How to end the stalemate with Iran

How to end the stalemate with Iran

Rowhani is seeking to resolve the nuclear issue once and for all, and to redeem himself politically.

The stunning election of a pragmatic former Iranian nuclear negotiator, Hassan Rowhani, has offered the Obama administration a once-in-a-lifetime chance to end the atomic stalemate with Iran.

In the West, Rowhani is widely seen as a turbaned politico from inside the establishment. One of us has worked for him directly, as his deputy in nuclear talks. The other has conducted research at the think tank he runs. We can attest that he is wary of a purely ideological approach to foreign policy and is driven by more than simple expediency in pursuit of the national interest. After seeing the nuclear deal he was attempting to negotiate with the European Union fall apart in 2005, Rowhani is now seeking to resolve the nuclear issue once and for all, and also to redeem himself politically.

Rowhani’s victory demonstrates that there is now real momentum toward the initiation of direct talks between Iran and the United States. Despite remarks he has made to appease hard-liners since his victory, Rowhani’s campaign rhetoric made clear his desire to change the hostile relationship with America. In recent months, even Iran’s supreme leader, Ayatollah Ali Khamenei, has given permission for direct negotiation — although he has not expressed optimism about its prospects.

The single biggest threat to this unique window for dialogue is misguided perceptions of each side’s respective strengths and weaknesses. 

Dangerous idea

In Washington, some have started portraying Rowhani’s election as proof that America’s current approach, which relies on tough sanctions, is working. The perception is that the Iranians are willing to budge on their nuclear rights, and that the centrist president-elect — who once agreed to temporarily and voluntarily suspend uranium enrichment — will make unreciprocated concessions. According to this theory, a weakened Iran, hungry for an imminent end to hard-hitting sanctions, will take what it can get. This view implicitly promotes the dangerous idea that the United States should retain or even stiffen its rigid nuclear posture.

In Tehran, there is a sense of optimism about the nuclear issue that derives from a tenuous narrative of Iranian resurgence. For years, there has been a systemic reluctance to engage in substantive negotiations, unless Iran is operating from a position of strength. Now a new president has won a clear popular mandate after eight years of President Mahmoud Ahmadinejad’s divisive rule.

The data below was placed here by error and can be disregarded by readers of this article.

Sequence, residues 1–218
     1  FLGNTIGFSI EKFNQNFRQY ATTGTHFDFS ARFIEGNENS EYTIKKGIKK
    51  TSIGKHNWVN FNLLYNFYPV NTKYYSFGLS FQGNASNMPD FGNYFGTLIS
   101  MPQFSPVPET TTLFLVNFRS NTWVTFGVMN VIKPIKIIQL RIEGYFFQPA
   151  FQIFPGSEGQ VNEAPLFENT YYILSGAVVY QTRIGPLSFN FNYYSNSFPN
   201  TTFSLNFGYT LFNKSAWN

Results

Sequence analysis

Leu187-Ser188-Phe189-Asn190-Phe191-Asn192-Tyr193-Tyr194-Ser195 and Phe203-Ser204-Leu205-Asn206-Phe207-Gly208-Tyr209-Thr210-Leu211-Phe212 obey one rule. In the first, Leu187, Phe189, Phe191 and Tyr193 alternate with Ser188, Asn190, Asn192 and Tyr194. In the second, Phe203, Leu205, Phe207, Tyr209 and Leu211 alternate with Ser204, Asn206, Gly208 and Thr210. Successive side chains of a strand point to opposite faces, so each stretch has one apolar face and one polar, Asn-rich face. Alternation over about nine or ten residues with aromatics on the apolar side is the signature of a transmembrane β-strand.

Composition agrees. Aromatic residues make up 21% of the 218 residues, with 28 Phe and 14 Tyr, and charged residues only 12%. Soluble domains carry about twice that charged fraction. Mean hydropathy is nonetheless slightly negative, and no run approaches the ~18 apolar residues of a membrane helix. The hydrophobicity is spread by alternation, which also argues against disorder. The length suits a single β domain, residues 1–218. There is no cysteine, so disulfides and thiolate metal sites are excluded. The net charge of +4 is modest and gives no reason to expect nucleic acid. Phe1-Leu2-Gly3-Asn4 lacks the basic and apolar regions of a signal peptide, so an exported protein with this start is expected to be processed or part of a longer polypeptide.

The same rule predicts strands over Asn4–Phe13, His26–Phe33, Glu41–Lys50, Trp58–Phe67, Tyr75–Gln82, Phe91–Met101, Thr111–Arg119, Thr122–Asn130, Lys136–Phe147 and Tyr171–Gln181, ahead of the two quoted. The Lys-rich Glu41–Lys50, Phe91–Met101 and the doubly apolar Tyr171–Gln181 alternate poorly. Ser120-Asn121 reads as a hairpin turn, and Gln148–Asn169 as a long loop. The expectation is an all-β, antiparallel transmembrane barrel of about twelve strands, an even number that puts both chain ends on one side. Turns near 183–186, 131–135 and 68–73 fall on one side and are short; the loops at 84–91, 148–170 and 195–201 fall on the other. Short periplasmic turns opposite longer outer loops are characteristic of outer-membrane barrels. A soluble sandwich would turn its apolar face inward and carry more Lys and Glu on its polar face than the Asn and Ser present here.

Indeed, many view Rowhani’s background as the supreme leader’s longtime personal representative to the Supreme National Security Council as evidence of a new era of national cohesion. This perception of strength could spur Iran to seriously enter nuclear negotiations. But overconfidence could also lead Iran’s rulers to avoid making the concessions necessary to break the stalemate. When two rivals walk into a room, each convinced that he has the upper hand, it can end only in disaster. These diametrically opposed perceptions of the meaning of Rowhani’s election have the potential to torpedo this unique opportunity for a deal.

Worryingly, the West has a history of squandering chances to strike a deal with Rowhani. He has publicly suggested that one route out of the nuclear stalemate is the torpedoed 2005 proposal he negotiated with Jacques Chirac, France’s president at the time. Under that plan, Western powers would recognise Iran’s legitimate rights under the Nuclear Nonproliferation Treaty, including uranium enrichment for civilian purposes like nuclear energy and medical research.

In exchange, Iran would accept the International Atomic Energy Agency’s definition of “objective guarantees” that the Iranian nuclear programme will remain peaceful and not be diverted toward weaponisation in the future. That proposal fell apart because of pressure from the George W Bush administration, which insisted on no enrichment at all.

 Eight years after the collapse of dialogue with the European Union, the dominant discourse in Tehran still portrays Rowhani’s recommendation to suspend enrichment on a voluntary, temporary basis as a failure because it resulted only in humiliating calls for an indefinite suspension of all enrichment.

But Iran’s relinquishing of its legitimate rights under the NPT, including enrichment, isn’t, and has never been, on the table. However, Iranian leaders are open to new measures that would permanently allay Western concerns about Iran’s nuclear programme.

Indeed, the contours of a final nuclear deal are clear. Iran will have to agree to the highest level of transparency and cooperation with the International Atomic Energy Agency and assure world powers that its nuclear programme will never be diverted toward weaponisation. In exchange, the West will have to recognise Iran’s right to peaceful nuclear technology, including enrichment, and gradually lift sanctions.After decades of fruitless confrontation, both the United States and Iran need cooperation.